The second change relates to charity lump sum death benefits. Under current rules, when a pension scheme member dies leaving certain unused pension savings and uncrystallised funds, a lump sum death benefit can be paid to any beneficiaries, including a charity. That is tax-free if the member is under 75 at death, but the payment needs to be made within a two-year period, or it is taxed at a separate rate of 45% if paid to a charity. The changes being made by the clause will ensure that unused funds at the member’s death can be used to pay a charity lump sum death benefit completely tax-free, whatever the age of the member or length of time taken to pay.

The third change relates to dependants’ flexi-access drawdown funds. Before pension flexibility was introduced, children of a deceased member who wanted to claim funds from a drawdown account had to use all of this fund by the age of 23. Any remaining funds paid to them after reaching that age would be taxed at rates of up to 70%. The reforms last year enabled any nominated beneficiary, including a member’s child aged 23 or over at their parent’s death, or a member’s step-child of any age, to inherit their parent’s pension and receive drawdown pension payments at any age. However, the current legislation still means that children aged under 23 at their parent’s death have to draw all of their funds before they turn 23 in order to avoid paying 70% tax on those funds. Schedule 5 will amend legislation to allow dependants with drawdown accounts to access their funds as they wish without incurring a 70% tax charge from their 23rd birthday.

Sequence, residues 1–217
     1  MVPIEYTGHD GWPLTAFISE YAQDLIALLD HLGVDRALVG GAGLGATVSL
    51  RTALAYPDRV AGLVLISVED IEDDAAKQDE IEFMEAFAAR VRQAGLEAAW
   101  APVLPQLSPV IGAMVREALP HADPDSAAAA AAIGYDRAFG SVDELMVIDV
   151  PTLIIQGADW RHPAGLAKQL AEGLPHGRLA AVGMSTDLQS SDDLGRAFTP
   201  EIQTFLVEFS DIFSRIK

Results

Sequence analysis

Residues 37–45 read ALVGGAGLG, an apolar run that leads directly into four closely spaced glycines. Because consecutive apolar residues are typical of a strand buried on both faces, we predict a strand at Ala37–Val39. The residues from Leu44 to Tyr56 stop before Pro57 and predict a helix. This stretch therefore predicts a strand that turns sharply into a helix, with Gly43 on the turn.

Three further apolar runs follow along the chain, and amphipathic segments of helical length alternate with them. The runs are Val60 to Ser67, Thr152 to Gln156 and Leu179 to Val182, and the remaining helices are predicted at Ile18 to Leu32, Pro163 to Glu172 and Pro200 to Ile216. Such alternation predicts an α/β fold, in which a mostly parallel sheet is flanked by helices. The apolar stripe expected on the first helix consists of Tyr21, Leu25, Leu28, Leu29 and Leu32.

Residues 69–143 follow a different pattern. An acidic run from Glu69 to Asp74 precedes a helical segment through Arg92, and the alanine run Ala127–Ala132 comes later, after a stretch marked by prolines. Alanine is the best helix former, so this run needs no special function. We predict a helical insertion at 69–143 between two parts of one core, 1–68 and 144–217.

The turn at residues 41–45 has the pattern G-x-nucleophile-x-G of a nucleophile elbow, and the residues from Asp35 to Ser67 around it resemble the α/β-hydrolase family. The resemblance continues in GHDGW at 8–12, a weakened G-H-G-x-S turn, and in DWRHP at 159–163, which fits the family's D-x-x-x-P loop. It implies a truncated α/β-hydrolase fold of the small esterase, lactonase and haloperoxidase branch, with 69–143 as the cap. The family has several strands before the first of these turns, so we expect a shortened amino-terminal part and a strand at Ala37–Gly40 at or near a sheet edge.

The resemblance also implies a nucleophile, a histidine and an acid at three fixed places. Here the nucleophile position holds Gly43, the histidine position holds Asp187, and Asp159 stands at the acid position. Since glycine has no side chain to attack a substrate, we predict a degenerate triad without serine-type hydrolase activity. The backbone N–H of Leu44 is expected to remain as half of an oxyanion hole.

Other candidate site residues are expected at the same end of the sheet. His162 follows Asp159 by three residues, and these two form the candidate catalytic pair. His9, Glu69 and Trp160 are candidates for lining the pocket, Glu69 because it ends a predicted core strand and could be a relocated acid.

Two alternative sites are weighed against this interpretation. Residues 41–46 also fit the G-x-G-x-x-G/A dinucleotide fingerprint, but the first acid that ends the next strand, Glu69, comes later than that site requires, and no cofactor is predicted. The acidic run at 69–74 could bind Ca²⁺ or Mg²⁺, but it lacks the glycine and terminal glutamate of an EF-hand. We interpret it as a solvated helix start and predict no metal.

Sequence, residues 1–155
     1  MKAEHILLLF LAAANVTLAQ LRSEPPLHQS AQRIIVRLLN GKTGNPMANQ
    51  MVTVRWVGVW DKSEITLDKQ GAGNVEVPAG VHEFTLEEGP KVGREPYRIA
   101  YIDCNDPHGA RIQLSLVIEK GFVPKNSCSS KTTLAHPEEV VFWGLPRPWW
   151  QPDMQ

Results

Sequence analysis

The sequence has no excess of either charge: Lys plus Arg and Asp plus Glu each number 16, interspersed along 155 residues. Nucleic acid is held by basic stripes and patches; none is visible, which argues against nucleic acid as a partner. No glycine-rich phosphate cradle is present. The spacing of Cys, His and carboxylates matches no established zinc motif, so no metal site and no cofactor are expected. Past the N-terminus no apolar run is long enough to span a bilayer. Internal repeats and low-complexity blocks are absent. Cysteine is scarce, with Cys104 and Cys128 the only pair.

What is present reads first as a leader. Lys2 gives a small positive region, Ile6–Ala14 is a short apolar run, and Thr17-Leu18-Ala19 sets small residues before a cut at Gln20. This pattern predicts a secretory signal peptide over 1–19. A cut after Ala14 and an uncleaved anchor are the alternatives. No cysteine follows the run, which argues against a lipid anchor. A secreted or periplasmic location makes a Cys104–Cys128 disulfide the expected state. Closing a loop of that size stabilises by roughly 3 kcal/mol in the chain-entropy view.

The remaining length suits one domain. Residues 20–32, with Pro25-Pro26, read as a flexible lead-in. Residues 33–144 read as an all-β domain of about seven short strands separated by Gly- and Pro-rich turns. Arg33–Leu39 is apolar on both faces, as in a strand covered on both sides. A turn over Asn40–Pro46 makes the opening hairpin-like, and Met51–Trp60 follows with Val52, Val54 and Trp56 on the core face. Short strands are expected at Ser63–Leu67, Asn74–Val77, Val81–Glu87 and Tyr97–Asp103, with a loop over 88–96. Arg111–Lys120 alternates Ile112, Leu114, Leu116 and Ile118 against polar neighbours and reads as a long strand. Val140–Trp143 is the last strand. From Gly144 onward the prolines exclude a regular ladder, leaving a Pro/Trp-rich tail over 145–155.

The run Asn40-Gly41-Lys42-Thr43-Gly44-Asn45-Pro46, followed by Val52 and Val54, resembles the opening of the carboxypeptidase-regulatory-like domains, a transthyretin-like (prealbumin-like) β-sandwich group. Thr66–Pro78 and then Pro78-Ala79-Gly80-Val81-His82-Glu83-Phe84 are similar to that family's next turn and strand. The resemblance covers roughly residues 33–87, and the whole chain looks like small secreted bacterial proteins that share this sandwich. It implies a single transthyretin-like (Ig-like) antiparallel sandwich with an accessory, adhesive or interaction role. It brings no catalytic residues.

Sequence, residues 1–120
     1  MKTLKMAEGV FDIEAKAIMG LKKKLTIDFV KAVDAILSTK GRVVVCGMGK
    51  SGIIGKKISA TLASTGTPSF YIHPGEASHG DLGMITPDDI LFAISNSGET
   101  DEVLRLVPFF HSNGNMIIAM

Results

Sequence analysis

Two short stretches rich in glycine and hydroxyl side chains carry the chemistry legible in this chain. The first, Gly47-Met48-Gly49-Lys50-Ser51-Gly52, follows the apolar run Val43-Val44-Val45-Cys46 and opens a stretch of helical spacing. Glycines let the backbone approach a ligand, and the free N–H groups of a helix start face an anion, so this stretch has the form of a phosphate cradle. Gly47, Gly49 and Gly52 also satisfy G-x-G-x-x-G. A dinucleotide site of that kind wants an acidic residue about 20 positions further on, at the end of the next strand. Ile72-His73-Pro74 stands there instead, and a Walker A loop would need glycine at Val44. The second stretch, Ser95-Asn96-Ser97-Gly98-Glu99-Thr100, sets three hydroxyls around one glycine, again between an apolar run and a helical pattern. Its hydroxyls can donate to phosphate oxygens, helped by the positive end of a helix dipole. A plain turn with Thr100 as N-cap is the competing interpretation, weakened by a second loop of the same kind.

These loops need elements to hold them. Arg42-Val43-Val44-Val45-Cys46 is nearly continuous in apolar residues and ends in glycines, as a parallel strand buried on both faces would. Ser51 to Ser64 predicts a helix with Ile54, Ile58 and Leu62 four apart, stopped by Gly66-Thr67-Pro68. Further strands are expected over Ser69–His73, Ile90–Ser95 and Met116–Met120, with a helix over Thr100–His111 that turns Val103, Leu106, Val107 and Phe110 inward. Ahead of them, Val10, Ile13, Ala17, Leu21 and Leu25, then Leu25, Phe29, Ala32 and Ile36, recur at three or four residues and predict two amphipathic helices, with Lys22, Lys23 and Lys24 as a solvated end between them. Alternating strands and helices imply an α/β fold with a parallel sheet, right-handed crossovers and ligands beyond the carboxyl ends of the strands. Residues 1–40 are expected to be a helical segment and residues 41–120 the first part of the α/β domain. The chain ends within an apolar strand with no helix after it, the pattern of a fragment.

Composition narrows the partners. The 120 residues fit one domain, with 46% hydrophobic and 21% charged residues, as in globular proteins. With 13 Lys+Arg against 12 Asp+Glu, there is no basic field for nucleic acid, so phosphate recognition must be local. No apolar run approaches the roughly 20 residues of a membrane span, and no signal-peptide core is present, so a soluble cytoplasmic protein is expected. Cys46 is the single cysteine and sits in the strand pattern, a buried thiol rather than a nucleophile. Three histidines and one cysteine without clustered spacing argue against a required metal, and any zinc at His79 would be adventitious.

The fourth change relates to trivial commutation lump sums. Before pension flexibility, the option of trivial commutation existed for both defined-contribution and defined-benefit pensions. That allows individuals aged 60 or over with total pension savings of £30,000 or less to withdraw all of their savings as a lump sum, with the first 25% of any previously untouched savings paid tax-free. Since April 2015, pension flexibility changes allow anyone aged 55 or over to withdraw some or all of their funds that they have yet to access as a lump sum, 25% of which is tax-free. Trivial commutation was therefore removed for defined-contribution pensions and limited to defined-benefit arrangements, which were not affected by the introduction of pension flexibility.

Under the defined-benefit arrangement, the only kind of pension possible is a scheme pension, although some people have scheme pensions that come from a defined-contribution fund. As such, under current rules, if a defined-contribution scheme pension is already in payment, it cannot be taken as a trivially commuted lump sum. Schedule 5 will allow defined-contribution scheme pensions that are already in payment to be paid as a lump sum, if they satisfy all the other requirements of trivial commutation.